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'Qissa: The Tale Of A Lonely Ghost' - Movie Review

'Qissa' is a brutally honest and shocking portrayal of the psyche of individuals who were unsettled during the Partition of 1947. It's about the utter helplessness and desperate need for anchor that everyone affected by the Partition felt at that point of time 

'Qissa: The Tale Of A Lonely Ghost'
U/A; Drama
Director: Anup Singh
Cast: Irrfan, Tillotama Shome, Tisca Chopra, Rasika Dugal
Stars: 

Qissa is a brutally honest and shocking portrayal of the psyche of individuals who were unsettled during the Partition of 1947. It is primarily the story of Umber Singh (Irrfan) and his family but reflects on the utter helplessness and desperate need for anchor that everyone affected by the Partition felt at that point of time.

Umber Singh is a disappointed man. He has to move out of his ancestral home in the Pakistan side of Punjab to an unknown neighbourhood of Indian side of Punjab. His wife Meher (Tisca Chopra) has already borne him three daughters while he fervently hoped for a son. Umber decides to cheat fate and refuses to accept that Meher has delivered a girl for the fourth time. He names this child Kanwar and brings her up as a son. Kanwar (Tillotama Shome) is in a perplexed state of identity crisis as she veers between the desire to doll up like his sisters and going along with the pretension of being her father’s son.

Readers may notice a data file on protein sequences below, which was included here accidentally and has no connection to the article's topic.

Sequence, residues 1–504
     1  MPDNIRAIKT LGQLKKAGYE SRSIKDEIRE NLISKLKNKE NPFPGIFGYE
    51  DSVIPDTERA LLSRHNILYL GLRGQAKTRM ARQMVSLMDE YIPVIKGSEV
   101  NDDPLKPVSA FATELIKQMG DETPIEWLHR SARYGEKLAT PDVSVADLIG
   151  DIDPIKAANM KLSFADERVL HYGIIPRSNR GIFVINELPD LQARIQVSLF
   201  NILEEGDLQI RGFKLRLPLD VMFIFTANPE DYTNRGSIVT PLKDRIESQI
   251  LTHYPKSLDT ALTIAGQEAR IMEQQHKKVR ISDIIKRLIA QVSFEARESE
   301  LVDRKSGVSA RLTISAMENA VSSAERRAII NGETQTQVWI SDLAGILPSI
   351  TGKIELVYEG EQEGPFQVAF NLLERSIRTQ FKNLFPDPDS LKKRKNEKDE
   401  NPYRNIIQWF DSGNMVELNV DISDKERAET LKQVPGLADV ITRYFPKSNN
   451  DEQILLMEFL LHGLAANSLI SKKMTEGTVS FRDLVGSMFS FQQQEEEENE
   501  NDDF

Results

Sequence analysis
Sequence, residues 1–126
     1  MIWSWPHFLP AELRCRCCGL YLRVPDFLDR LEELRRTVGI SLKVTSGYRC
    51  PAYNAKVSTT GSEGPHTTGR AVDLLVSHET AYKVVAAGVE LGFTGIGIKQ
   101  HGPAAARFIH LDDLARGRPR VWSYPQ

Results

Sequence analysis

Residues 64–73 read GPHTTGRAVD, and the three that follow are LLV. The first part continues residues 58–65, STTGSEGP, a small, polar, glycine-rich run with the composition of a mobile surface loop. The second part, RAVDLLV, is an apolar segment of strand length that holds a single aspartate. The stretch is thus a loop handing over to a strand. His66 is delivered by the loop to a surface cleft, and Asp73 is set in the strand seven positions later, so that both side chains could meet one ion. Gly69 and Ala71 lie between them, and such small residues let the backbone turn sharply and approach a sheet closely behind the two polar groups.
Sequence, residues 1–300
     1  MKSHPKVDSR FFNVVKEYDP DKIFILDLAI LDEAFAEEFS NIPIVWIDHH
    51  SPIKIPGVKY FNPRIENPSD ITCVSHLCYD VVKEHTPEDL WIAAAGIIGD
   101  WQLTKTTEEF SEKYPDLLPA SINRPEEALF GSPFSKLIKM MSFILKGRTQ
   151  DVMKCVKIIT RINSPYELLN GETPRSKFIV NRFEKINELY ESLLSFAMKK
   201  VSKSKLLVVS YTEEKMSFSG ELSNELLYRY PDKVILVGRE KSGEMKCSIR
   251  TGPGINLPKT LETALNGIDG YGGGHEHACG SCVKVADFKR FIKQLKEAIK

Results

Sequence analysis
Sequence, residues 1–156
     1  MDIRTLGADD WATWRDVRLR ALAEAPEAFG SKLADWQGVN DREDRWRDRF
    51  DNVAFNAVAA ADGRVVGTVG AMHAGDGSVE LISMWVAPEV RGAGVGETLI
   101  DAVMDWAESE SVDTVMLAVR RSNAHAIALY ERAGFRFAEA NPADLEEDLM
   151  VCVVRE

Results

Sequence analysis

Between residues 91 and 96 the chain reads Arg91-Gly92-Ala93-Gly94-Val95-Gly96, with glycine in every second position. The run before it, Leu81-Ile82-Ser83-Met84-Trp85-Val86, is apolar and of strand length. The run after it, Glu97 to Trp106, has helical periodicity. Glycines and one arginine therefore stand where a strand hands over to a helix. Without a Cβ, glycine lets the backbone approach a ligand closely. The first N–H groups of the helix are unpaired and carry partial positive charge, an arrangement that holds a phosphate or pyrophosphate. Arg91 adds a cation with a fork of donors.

The surrealism starts getting to you, as Umber gets Kanwar married to an unsuspecting girl Neeli (Rasika Dugal). Meher is a silent sufferer, typical of women in a patriarchal society, in that time and region, as Umber continues forcing the family to live in his delusional world. And then the surrealism makes way for the supernatural as you are haunted by Umber’s passion and desperate need for a male heir at any cost.

Anup Singh’s near brilliant direction keeps you hooked throughout and takes you through wells of despair and at points, the stark realism gets too uncomfortable to bear.

The story (written by Singh and Madhuja Mukherjee) belies an amazing depth, but it’s also the perfect casting that adds to the effect.

Irrfan, undoubtedly one of the best actors we have amidst us, owns this film with such perfect ease that going with the mood of the film, it seems like he could be born as Umber Singh in a parallel world. Shome as the traumatised Kanwar is excellent and so is the lovely Rasika. Tisca Chopra also lends good support to the film.

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